Article: Green Skeletons in Our Closets

by Loretta Wallace

What do our closets have to do with saving the planet you might ask? While at first glance what's in our clothes closets may seem to have a benign influence on our environment, a closer look reveals quite a different picture. Let's start with the ordinary wire hanger.

A famous line from the movie Mommy Dearest is "no wire hangers"! While Joan Crawford might have been justified in her distain of wire hangers for aesthetic reasons, our reckless disposal of them has become a major environmental issue. Steel is 100% recyclable yet most hangers get thrown away, leaving 3.5 billion hangers per year in landfills, weighing in at 195 million pounds, spanning 2.2 million miles if stretched out and wasting enough steel to make 60,000 new cars. Instead of tossing them, there are other options:

  • ask our dry cleaner if we can return the hangers for their reuse
  • donate them to thrift stores who always need hangers
  • find a recycling center that takes steel

Clothing
All synthetic clothing (nylon, polyester, etc) is made from petroleum and most of us don't need to be educated on the political, social, economic and environmental impact of our use of and addiction to petroleum. Large amounts of crude oil are used in the manufacturing process of synthetic fibers, releasing deadly chemicals into the air, including hydrogen chlorine gas. Further adding insult to injury, these synthetic clothes, when discarded, will sit for hundreds of years in landfills. Cotton clothing, while constructed of a natural biodegradable material, has it's own downside with 50 million pounds of pesticides including cyanide, dicofol, naled, propargite, and trifluralin, all known cancer-causing chemicals being used each year to grow it. These pesticides run off into our waterways and cause genetic mutations and death to marine and animal life. So how can we lessen the environmental impact of the textiles we use?

  • Be gentle to the clothes we already own to make them last longer
  • Choose quality over quantity. A bargain blouse is not a bargain for the wallet or the environment if after 2 washings it falls apart and ends up in the trash due to inferior materials or workmanship
  • Buy from consignment and thrift shops
  • Opt for organic cotton and naturally grown plant based fabrics such as hemp, bamboo and linen or silk, wool or recycled materials
  • Donate usable clothing to charities or sell them at flea markets or consignment shops and give throw rugs, towels and blankets to animal shelters
  • Reuse tattered clothing for household cleaning, painting, car washing rags

Cashmere:
Cashmere used to be a luxury fabric available only to the wealthy. Today, inexpensive cashmere is mass produced in China using huge numbers of goats that overgraze and devastate the pastures, rendering them dust bowls. Dust storms from the barren pastures blow through China causing air pollution and illness to the population while contributing to global climate change. We can help mitigate this situation by opting for the more expensive but sustainably produced cashmere. Once the demand for the cheaper cashmere has diminished, the producers will have no choice but to decrease production, it's a simple case of supply and demand. The alpaca, an animal that survives in many climates around the globe and has little impact on its environment is a good alternate source of cashmere. Look for cashmere made from alpaca instead of from goats raised in an unsustainable manner.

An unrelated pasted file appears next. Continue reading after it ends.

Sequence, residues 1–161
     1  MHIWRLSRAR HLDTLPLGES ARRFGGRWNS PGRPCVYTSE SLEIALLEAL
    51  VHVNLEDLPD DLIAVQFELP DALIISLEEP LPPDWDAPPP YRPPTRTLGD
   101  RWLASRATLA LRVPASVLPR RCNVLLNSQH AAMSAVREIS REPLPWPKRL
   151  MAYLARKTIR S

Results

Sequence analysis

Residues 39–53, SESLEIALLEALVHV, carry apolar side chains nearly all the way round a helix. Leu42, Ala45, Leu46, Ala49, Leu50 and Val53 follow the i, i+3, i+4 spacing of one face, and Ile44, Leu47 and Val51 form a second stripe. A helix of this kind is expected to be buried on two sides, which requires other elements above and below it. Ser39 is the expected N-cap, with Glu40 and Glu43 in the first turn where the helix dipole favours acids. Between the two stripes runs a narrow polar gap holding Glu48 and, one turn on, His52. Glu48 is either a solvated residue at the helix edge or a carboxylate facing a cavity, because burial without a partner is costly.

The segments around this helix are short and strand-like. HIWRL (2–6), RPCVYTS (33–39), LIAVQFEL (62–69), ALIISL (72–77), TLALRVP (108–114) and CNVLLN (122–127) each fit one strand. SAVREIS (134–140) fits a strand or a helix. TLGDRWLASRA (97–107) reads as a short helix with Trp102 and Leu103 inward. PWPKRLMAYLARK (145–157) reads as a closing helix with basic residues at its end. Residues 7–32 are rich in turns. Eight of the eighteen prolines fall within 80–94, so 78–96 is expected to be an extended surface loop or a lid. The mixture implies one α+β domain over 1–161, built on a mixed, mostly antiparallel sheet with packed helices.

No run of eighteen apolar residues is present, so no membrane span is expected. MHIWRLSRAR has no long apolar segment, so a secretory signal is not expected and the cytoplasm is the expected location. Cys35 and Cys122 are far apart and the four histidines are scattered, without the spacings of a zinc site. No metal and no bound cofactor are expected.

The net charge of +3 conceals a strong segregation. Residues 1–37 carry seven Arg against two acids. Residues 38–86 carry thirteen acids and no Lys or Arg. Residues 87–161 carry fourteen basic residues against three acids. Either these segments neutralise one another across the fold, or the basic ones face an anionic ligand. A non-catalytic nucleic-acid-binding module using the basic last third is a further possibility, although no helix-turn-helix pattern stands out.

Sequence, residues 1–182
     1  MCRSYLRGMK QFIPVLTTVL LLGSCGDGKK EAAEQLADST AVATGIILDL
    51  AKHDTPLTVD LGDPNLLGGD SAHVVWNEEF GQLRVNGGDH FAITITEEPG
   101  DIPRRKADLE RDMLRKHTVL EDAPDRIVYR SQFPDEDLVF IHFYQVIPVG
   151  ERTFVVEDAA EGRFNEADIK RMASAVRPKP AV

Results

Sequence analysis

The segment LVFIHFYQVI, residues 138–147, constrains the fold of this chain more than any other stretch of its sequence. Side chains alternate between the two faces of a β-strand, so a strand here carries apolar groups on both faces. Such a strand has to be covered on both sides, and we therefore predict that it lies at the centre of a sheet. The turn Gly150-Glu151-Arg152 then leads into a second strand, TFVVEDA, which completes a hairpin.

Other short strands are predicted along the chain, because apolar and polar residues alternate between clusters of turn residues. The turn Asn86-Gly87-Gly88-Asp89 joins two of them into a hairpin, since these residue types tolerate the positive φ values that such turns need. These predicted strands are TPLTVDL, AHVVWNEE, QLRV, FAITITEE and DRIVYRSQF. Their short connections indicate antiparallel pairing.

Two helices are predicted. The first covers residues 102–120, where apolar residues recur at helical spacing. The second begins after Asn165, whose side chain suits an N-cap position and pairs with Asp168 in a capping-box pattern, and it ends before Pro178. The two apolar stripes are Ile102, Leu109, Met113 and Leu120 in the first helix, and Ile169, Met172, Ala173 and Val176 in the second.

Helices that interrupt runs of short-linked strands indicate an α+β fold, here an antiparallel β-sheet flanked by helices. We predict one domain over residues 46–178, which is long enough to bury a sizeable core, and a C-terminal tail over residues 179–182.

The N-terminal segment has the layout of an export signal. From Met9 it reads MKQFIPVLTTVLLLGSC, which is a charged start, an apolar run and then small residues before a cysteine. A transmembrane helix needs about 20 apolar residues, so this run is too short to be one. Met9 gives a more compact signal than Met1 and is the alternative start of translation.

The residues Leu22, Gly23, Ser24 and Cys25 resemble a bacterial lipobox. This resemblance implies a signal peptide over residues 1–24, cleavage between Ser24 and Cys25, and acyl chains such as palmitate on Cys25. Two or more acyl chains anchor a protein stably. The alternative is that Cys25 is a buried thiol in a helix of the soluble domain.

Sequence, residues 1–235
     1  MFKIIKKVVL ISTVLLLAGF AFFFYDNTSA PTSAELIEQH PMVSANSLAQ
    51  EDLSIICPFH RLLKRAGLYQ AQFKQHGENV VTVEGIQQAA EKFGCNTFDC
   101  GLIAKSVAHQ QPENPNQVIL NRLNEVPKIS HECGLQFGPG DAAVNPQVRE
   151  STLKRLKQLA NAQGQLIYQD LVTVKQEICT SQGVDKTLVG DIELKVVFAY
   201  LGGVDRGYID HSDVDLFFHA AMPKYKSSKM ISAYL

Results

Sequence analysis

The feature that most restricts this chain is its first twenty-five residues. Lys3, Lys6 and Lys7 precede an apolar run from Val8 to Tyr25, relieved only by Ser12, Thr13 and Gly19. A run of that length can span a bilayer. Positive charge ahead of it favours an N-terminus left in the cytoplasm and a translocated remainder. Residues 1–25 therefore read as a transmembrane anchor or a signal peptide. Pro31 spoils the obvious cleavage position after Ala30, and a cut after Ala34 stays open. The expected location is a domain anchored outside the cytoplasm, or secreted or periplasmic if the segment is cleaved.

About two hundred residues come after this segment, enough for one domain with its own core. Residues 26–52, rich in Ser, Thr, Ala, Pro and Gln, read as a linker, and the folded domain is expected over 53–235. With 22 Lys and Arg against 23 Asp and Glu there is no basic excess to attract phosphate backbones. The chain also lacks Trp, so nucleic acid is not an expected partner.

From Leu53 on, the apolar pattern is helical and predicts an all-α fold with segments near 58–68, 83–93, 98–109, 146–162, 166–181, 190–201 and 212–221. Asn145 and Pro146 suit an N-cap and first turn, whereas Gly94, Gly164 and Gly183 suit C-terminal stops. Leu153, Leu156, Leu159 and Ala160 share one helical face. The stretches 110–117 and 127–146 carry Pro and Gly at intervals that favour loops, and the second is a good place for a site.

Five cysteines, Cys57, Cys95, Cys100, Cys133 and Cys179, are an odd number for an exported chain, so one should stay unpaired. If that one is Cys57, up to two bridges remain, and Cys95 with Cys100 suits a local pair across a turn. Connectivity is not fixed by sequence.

Athletic Shoes
How many pairs of old sneakers that are too gross to give to charity are piled on your closet floor? Sneakers that contain petroleum based PVC (polyvinylchloride) that would normally end up in a landfill? Nike will recycle any brand of athletic shoe through its Reuse-a-Shoe program http://www.nikereuseashoe.com/ Take your shoes to any Nike store, or mail them to the company's recycling center and Nike will process and recycle the footwear to make sports courts, running tracks and playgrounds. To date, over 24,123,411 pairs of athletic shoes
worldwide have been recycled through the program since 1990.


Moth Repellants
The two major ingredients in mothballs, naphthalene and p-dichlorobenzene used individually or in combination, are extremely toxic petroleum-based chemicals that can cause numerous short and long-term health effects, including cancer, blood, kidney, and liver problems and even death. Add to that the environmental impact of manufacturing and disposing of these poisons and its easy to see we need to try safer alternatives such as:

  • Store woolens in a cedar chest or cedar lined closet
  • Launder clothes before storing because moth larvae are attracted to perspiration, dandruff, hair, food and beverage stains
  • Store clothing in airtight chests or containers
  • Airing clothing occasionally in sunlight and wind will reduce larvae on fabrics
  • Avoid storing clothing in dark humid areas like attics
  • Store clothes with sachets of nontoxic herbs and woods such as cedar, cloves, rosemary, eucalyptus, lavender, lemon, sweet woodruff, cinnamon sticks and bay leaves
  • Pheromone traps are available for some species of moths. Place traps in closets and other areas where clothes are stored

So the next time you clean out or add to your closet, take a little extra time to make it green.

Unless otherwise stated, the content of this page is licensed under Creative Commons Attribution-ShareAlike 3.0 License